I said I would never do it again.
I said that four years ago in September, when I’d spent the day canning over 50 pints of applesauce, peaches and tomatoes. That year I sought normalcy. I’d just finished with four rounds of chemo, and two months of five-times-a-week radiation for breast cancer, and I wanted so badly to feel about life the way I had the year before, and the year before that, and the year before that. When normal tests were the rule rather than the exception. The normal activity of canning, of food preservation would restore my faith and my belief in myself and my body. But that September, when the weather was hot, the canner extraordinarily heavy and the food prep kept me on my feet for too many hours, I reconsidered the effort. Even as I stood in my kitchen and admired the fruits of my labor (pun intended), I said I would never do it again.
And for four years, I didn’t. I did other things. I trained 800 miles to ride 200 miles on a bicycle during a blistering week of a midwest summer. I traveled with Rick to foreign countries that experienced the devastation of World War II, evidence of the unhealed scars tattooed across old stone buildings. Scars associated with the healing lay atop and below the manicured lawns ,of the Normandy American cemetery built to honor the small percent of U.S. men and women who died protecting those countries so far away and remained in this soil. We toured Costa Rica, whose dense rainforest is home to butterflies and birds of innumerable songs and colors, as well as oxygen that the rest of the world uses without a thought as to where it comes from.
In my homeland I traveled the highline of Montana and North Dakota, with their waves of endless wheat shimmering gold against a sapphire blue sky as the soft brown of the Milk River followed the ribbon of grey asphalt below a September sun. In the spring I wound my way through the small towns and canyons of Arizona, the saguaro cactus waving to me as I drove, their extended hands holding delicate blossoms of pink. I listened as American Indian high school students talked about their dreams, their vision of their future and their dawning perception as leaders within their community. And as I reflect on those moments, I am humbled by the gifts of their voices.
I also finished writing Bitterroot: A Salish Memoir of Transracial Adoption, followed it through the editing process, and cried when I held the 3-D object in my hand for the first time; a literary child born, the birthing pains nearly gone.
But this year, I sought normalcy as I return to ‘home,’, the sense of space that cradles my soul. Last spring, Rick and I started from scratch, to build my garden spaces to fill with flowers, with food, with butterflies, with beauty. We built thick, cedar garden beds, hauled in the dirt and raked it smooth. We dreamed the designs and character of our creations both material and botanical and were beyond excited when the first bits of greenery poked through the black soil. We had to replant three times through two killing frosts. The third time resulted in the much-anticipated vision of green and glorious foliage, complete with gentle but promising blossoms.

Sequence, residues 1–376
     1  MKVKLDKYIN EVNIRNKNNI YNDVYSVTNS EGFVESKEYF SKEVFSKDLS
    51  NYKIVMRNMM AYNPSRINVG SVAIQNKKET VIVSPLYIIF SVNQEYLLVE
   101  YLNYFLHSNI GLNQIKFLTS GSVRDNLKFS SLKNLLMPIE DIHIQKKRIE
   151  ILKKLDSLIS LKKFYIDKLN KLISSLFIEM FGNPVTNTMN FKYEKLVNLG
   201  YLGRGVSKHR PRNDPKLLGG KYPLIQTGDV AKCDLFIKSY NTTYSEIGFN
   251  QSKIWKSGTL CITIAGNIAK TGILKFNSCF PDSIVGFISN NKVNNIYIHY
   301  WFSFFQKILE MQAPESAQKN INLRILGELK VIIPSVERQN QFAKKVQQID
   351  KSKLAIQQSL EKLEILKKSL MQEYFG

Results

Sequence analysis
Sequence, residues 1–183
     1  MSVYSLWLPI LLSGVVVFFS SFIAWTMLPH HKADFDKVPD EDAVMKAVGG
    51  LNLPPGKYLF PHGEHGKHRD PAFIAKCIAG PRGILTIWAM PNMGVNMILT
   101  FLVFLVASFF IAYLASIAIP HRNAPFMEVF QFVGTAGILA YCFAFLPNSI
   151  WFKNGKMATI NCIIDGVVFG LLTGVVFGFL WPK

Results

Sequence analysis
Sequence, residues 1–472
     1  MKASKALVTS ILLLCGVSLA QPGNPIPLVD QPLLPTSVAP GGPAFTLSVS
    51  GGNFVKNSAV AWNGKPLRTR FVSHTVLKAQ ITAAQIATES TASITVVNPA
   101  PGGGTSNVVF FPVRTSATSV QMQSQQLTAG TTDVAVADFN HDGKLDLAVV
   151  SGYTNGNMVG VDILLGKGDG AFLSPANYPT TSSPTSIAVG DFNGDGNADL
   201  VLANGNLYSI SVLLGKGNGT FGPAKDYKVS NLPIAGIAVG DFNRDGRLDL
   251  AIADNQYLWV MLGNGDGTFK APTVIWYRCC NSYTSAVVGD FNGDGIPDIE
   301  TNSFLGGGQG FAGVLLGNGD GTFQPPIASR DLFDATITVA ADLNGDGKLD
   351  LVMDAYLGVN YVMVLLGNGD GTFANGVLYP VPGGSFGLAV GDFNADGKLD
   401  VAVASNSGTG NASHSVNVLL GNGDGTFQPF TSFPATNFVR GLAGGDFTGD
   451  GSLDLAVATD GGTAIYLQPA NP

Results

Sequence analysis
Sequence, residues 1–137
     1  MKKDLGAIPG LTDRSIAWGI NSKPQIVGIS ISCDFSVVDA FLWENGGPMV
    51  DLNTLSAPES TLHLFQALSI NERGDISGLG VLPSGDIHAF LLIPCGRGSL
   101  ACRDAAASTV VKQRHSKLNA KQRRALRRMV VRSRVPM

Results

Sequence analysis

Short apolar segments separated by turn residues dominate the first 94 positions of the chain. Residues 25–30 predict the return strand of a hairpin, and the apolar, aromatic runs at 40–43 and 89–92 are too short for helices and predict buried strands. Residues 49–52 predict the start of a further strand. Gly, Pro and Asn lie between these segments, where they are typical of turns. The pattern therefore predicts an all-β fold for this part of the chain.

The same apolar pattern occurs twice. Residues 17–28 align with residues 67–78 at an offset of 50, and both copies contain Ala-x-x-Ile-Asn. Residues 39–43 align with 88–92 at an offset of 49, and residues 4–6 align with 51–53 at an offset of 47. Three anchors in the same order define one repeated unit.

This past August we enjoyed tomatoes in our salads, as a side-dish, in our sauces, wherever we could fit them into our meals. I hadn’t planted cucumber until July, so we had only two, but they were better than anything I bought in the store. I harvested and froze zucchini for zucchini bread that I intend to bake in the middle of winter. And in spite of our recent snowstorm, two weeks ago, the fennel, collards and kale continue to thrive. My rosemary, thyme, and sage are going strong and I am trying to think of ways to preserve them. Hanging them to dry while they gather dust doesn’t appeal to me. I’ll worry about that tomorrow (I think in my Scarlet O’Hara voice.)
But as I pull the beets from their protective bunker, I am reminded that I still seek normalcy. So I ask my son to bring up the canning supplies from the downstairs shelves where they sat unused for four years, and I begin the comforting ritual of so many seasons passed. I prep the beets and watch as the water’s gentle boil turns from clear to claret red. I remove the skin and dice the fruit, spooning it into the hot washed jars that soon fill the bottom of the canner. As I lock the heavy lid into place, I feel the steadiness ritual provides: I look for the column of steam and watch as the rocking pressure knob counts out the seconds and minutes of processing time; I listen first for the gentle clink of glass against glass, and later the gentle ting of the vacuum-sealed lids And when I am done I am reminded how much control I still have of my life, of my world and my choices of how I will participate in both.
The sense of self-sufficiency and self-determination was nearly stolen by cancer. My garden returned it with only nine pints of beets. I will most likely continue the ritual next year, and the year after and the year after. My sense of normalcy, although now redefined, has returned.